How the BBC Master version reduces flicker when drawing ships
Probably the most celebrated feature of the BBC Master version of Elite is its flicker-free ship animation, an improvement that is obvious from the moment the Cobra Mk III twists into view on the game's title screen. While the other versions of Elite shimmer like old black-and-white movies, the ships in the Master version morph smoothly through each twist and turn, with barely any flicker at all.
Contrary to what you might expect, this isn't because the Master is equipped with shadow RAM, and there are no clever bank-switching tricks being used here. Instead, the Master's slicker ship animation is down to a relatively simple tweak to the original ship-drawing routines at LL9 and SHPPT, a change that requires only a tiny number of extra bytes but really transforms the quality of Elite's graphics.
You can read more about the standard ship-drawing process in the deep dive on drawing ships, but for this deep dive, let's see how to transform it into the flicker-free version.
Removing flicker from LL9
All the code changes for flicker-free ship drawing can be found in the main ship-drawing routines at LL9 (for nearby wireframe ships) and SHPPT (for distant ship dots). Let's look at LL9 first.
In the following, the "old ship" is the ship that is already shown on-screen, and the "new ship" is the one that we want to replace it with. When we call the ship-drawing routine, we know that the ship line heap contains the lines of the old on-screen ship that we need to erase, and as we draw the new ship, we need to make sure we replace the contents of the ship line heap with the lines of the new ship, so the whole cycle can continue.
The following table compares the old ship-drawing routine in the BBC Micro versions with the new flicker-free system in the BBC Master, and you can click on the step numbers in the first column of the table to see the individual code variations in those stages of LL9.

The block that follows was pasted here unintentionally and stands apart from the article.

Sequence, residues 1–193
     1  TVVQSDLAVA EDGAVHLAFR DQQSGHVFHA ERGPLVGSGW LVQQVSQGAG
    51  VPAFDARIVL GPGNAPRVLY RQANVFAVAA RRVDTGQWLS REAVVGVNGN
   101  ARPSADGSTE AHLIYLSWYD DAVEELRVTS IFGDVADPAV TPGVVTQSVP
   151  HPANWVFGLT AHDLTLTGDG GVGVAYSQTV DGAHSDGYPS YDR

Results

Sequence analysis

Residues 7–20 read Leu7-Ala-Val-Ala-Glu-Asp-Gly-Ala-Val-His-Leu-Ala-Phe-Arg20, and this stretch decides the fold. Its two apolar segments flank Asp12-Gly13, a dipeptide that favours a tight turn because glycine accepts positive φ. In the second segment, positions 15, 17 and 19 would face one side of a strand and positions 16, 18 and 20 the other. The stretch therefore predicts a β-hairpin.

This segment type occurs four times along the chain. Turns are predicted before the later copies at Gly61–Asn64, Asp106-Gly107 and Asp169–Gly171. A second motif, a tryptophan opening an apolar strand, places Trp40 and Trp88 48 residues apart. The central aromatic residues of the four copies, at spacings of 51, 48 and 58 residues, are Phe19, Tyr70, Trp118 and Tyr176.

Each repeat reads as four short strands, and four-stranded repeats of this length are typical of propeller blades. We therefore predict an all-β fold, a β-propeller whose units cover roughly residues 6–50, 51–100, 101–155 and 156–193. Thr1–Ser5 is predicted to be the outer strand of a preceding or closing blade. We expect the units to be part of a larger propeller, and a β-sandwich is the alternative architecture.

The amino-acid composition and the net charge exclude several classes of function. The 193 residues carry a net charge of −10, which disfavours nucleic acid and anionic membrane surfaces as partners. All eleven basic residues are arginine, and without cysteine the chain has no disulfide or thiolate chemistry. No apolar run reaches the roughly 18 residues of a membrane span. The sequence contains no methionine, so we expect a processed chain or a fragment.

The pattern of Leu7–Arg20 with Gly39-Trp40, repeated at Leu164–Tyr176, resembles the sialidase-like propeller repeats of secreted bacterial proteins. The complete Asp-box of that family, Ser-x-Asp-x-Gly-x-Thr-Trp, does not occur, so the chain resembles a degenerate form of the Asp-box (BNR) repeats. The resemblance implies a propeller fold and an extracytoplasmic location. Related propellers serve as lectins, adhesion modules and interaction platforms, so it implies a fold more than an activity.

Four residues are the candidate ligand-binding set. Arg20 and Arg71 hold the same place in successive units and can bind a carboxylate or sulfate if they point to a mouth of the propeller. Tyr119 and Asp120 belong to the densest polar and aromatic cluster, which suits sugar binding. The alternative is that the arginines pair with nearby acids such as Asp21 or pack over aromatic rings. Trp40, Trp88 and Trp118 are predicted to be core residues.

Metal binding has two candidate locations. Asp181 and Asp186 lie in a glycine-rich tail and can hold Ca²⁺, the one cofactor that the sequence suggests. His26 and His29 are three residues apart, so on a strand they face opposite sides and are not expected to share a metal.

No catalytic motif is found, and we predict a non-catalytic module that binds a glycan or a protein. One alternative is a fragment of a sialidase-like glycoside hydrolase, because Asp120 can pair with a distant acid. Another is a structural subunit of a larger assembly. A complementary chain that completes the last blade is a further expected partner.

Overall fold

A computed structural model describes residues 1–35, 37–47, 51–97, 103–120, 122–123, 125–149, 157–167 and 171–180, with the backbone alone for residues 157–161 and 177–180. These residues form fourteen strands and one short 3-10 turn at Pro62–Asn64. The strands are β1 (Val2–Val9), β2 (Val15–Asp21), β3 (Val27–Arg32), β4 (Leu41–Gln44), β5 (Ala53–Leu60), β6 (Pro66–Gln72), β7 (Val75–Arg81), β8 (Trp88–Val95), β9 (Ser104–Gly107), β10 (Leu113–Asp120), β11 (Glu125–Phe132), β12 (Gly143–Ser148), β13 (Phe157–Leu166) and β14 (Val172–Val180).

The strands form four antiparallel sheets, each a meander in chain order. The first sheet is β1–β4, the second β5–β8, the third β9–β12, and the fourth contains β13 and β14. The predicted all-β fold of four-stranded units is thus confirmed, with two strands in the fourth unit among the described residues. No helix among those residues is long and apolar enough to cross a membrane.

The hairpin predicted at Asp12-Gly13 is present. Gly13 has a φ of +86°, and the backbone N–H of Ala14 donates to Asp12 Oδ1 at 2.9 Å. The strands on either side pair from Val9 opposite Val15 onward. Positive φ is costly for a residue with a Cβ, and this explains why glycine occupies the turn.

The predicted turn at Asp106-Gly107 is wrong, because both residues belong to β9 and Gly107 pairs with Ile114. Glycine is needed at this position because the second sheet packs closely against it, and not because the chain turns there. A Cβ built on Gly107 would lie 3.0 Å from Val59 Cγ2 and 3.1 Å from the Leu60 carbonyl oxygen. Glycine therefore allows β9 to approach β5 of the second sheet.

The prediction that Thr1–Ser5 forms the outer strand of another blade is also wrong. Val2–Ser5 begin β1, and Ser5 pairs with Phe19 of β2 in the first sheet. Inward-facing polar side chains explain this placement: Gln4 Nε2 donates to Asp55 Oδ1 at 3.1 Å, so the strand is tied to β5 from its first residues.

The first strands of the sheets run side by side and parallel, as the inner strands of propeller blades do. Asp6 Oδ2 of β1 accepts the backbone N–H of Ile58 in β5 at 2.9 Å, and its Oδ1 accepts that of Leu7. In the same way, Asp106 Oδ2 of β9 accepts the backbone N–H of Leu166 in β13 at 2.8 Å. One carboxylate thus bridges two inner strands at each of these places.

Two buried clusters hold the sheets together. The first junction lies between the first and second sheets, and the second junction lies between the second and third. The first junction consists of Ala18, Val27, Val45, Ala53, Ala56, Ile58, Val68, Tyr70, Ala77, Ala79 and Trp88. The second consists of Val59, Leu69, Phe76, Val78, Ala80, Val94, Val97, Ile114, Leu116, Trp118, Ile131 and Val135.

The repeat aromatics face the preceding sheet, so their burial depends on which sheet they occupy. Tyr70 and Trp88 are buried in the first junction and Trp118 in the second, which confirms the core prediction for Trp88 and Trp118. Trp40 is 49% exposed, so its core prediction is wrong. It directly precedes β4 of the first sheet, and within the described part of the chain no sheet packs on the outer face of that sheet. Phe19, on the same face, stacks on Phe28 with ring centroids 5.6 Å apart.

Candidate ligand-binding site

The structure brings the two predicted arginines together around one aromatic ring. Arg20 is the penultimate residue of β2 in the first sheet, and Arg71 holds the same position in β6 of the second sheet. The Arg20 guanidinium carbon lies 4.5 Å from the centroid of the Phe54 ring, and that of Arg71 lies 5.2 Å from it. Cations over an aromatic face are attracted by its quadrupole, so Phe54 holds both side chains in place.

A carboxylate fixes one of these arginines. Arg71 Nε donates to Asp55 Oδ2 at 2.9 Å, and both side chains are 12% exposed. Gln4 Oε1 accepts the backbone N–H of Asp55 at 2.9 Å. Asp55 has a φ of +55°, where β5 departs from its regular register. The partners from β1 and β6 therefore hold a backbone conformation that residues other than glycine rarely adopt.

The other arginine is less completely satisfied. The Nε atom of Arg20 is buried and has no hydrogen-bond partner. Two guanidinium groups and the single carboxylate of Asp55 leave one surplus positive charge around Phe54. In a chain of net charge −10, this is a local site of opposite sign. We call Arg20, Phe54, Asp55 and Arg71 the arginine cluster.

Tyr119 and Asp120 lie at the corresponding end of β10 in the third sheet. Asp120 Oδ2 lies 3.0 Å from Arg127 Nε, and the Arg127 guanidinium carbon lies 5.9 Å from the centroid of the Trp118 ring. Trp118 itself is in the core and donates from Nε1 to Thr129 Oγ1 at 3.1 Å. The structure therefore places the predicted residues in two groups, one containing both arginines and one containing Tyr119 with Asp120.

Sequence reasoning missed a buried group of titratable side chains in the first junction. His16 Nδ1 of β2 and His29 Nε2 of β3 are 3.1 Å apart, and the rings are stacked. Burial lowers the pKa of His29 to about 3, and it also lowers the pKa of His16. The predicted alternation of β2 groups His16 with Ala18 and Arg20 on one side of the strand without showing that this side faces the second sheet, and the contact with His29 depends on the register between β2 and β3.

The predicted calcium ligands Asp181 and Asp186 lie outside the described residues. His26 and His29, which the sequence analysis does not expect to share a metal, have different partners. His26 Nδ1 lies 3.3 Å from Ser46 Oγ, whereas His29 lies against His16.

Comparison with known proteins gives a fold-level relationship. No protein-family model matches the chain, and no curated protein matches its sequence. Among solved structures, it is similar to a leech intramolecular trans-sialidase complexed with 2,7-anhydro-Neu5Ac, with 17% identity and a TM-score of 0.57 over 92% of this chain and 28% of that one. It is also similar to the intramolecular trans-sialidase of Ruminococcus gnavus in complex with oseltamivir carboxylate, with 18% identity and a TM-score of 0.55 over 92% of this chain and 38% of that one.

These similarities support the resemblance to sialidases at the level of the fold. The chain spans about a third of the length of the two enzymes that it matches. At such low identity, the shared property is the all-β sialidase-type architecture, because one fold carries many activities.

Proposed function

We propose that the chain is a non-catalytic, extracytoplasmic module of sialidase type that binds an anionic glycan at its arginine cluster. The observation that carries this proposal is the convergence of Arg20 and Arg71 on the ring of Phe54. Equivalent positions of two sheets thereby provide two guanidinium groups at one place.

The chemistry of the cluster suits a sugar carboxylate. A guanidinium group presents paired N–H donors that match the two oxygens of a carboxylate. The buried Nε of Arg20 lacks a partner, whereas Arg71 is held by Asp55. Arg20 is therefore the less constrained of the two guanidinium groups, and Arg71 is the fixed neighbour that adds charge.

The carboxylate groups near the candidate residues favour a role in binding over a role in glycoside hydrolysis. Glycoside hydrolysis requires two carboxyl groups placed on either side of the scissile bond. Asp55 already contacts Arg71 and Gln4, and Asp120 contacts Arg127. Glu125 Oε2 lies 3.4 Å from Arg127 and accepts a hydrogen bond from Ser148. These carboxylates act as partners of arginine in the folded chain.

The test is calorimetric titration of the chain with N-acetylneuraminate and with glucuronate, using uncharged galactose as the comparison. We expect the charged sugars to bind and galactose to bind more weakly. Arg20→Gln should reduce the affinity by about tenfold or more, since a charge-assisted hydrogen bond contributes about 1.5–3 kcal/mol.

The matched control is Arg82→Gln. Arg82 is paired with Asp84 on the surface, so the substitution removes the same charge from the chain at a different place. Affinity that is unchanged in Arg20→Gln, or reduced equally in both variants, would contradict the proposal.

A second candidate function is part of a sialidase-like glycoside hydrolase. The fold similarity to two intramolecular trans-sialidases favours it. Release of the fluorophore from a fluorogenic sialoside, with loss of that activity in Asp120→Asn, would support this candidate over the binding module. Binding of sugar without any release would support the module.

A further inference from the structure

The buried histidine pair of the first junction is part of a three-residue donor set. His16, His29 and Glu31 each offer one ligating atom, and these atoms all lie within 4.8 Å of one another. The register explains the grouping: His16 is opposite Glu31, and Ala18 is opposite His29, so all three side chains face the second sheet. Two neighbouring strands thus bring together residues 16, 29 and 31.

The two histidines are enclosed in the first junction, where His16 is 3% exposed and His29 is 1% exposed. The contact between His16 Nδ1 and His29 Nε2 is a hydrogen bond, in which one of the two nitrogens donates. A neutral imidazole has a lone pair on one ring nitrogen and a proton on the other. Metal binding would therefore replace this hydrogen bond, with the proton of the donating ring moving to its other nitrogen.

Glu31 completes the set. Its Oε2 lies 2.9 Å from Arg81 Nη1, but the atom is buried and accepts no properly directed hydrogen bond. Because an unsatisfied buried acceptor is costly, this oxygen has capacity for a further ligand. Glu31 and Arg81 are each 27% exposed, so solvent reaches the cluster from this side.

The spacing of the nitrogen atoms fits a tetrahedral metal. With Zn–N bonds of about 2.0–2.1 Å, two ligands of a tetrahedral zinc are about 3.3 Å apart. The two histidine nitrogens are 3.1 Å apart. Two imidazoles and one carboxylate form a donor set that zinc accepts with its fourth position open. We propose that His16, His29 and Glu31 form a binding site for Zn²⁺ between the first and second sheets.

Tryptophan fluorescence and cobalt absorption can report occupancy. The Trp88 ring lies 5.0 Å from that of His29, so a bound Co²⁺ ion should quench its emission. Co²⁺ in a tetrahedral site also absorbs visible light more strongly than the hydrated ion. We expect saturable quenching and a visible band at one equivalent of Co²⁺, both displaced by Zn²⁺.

|Step||Old approach||New approach|
|#1||Erase the old ship by drawing the contents of ship line heap||Initialise flicker-free animation by setting up the pointers in XX14|
|#2-#8||Calculate the visibility of the new ship's faces and vertices (the code in these steps is unchanged in the flicker-free version)|
|#9||Draw the laser line, if there is one, using LL30||Draw the laser line, if there is one, using LLX30|
|#10||Calculate the visibility of the new ship's edges (the code in this step is broadly similar in the flicker-free version)|
|#11||Store the visible edges in the ship line heap||Draw each visible edge using LLX30|
|#12||Draw all the lines in the ship line heap to draw the new ship||Draw any remaining lines from the old ship in the ship line heap|
The flicker-free initialisation in step #1 works like this:
- Point XX14 to the start of the ship line heap
- Point XX14+1 to the end of the current ship line heap, so it points to the last line of the on-screen ship (or set it to 0 if there is no ship currently on-screen)
Then the new LLX30 routine in steps #9 and #11 works like this:
- Draw the new line
- Fetch the corresponding old line from position XX14 in the ship line heap
- Draw the old line to remove it from the screen
- Increment XX14 to point to the next old line in the ship line heap
In this way the ship is erased and redrawn one line at a time, instead of being erased all in one go and then being redrawn in full, and that's how the Master version reduces flicker. It's a surprisingly simple change, and we can also apply it to ship dots with very little efffort.
Removing flicker from SHPPT
The SHPPT routine, which draws distant ships as dots, is also reworked and in exactly the same way, as it uses the same ship line heap approach as LL9 (it draws one line for the top dash and another line for the bottom dash, so even the dots are wirefames). So in the flicker-free world it uses the exact same approach as LL9, using XX14 and LLX30 in the same way to produce flicker-free ship dots as well.
You can see the changes side-by-side by comparing the different versions of SHPPT, or by looking at how the old dot-drawing routine in the BBC Micro versions compares with the new flicker-free system in the BBC Master. The changes are identical to those made to the ship-drawing routine, just for dot lines instead of wireframes.
So, both ships and ship dots are drawn in the Master version without flicker, and using the exact same approach. Given that both ships and ship dots are already being stored in the ship line heap as individual line segments, this is a change that has a very low impact in terms of code, but a very high impact on-screen.
The moment the penny dropped and the authors realised they could do this? I bet that was a good day...